2:20 p.m. First community spread case of COVID-19 in Idaho
A confirmed coronavirus case in Blaine County that was announced Wednesday is the first person in Idaho confirmed to have caught the virus through community spread and not through travel to a hot spot. See more details on all 11 Idaho coronavirus cases here, along with our interactive map of cases.
1:33 p.m. - Warm Springs Golf Course reopens, Quail Hollow still closed
Boise Parks and Recreation announced that it is reopening Warm Springs Golf Course to the public at noon on Friday, March 20. Tee times must be booked in advance and are only available over the phone. Call 208-343-5661.
No tee times can be made in person at this time. The clubhouse and driving range will remain closed to the public until further notice. Golfers should be prepared to walk. Carts are not available for rent.
The city says Quail Hollow will remain closed at this time.
11:14 a.m. - Blaine County launches hotline
Blaine County has established a COVID-19 Information Hotline for the public. The number is 208-788-5504. It is open to the public seeking information related to local COVID-19 response, current guidance from Blaine County or other agencies and available community resources. The line will be staffed from 8 a.m. to 8 p.m. MDT seven days a week. Messages can be left at any time and calls will be returned as soon as possible.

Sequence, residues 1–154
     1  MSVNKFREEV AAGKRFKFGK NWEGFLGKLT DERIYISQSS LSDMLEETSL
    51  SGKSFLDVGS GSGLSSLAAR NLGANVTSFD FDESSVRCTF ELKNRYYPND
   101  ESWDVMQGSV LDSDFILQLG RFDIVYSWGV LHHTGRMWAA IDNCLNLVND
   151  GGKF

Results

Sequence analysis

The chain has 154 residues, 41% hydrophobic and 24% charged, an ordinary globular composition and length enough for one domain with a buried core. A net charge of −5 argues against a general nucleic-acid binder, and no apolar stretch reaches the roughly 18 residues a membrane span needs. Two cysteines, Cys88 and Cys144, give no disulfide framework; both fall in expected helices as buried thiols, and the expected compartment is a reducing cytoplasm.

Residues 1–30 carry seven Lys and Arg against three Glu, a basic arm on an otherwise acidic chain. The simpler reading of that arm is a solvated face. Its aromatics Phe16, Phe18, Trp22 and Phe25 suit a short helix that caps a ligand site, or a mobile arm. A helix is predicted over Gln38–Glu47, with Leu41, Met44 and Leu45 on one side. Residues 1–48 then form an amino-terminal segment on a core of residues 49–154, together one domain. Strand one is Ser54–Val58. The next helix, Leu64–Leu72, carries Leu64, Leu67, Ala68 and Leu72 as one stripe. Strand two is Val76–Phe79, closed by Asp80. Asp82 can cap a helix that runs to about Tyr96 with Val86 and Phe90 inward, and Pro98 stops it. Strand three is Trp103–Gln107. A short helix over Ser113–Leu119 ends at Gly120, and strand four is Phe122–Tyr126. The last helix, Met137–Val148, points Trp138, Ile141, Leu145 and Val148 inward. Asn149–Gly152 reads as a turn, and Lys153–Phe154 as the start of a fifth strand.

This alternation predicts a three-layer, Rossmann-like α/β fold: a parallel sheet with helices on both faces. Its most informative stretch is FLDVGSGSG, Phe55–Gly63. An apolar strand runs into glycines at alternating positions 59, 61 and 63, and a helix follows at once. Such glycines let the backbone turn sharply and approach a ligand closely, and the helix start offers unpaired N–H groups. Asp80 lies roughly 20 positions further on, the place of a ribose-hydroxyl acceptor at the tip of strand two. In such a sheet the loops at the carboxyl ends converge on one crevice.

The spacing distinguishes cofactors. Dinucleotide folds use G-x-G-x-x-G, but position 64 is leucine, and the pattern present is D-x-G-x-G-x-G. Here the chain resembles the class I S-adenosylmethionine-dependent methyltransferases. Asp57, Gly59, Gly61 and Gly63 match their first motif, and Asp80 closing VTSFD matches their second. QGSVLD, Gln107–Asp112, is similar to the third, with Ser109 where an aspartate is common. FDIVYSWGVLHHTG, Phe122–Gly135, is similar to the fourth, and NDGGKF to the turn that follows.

9:30 a.m. - More screening and testing sites open
There are currently these drive-thru COVID-19 testing stations in the Treasure Valley:
Saint Alphonsus in Meridian
St. Luke’s Meridian and Boise campuses
Two Saltzer Health facilities in Nampa
Wednesday, March 18
We are continuing to update our comprehensive lists of school closures, event postponements, building closures and more.
7:21 p.m. - City of Meridian closes administrative offices
Beginning Thursday, March 19, Meridian administrative offices will close at noon to the general public in an effort to slow the spread of COVID-19. While the buildings will be closed until further notice, city staff will work to continue city business and operations to the best of their ability while working remotely.
7:06 p.m. - Idaho Department of Labor to close its office until April 3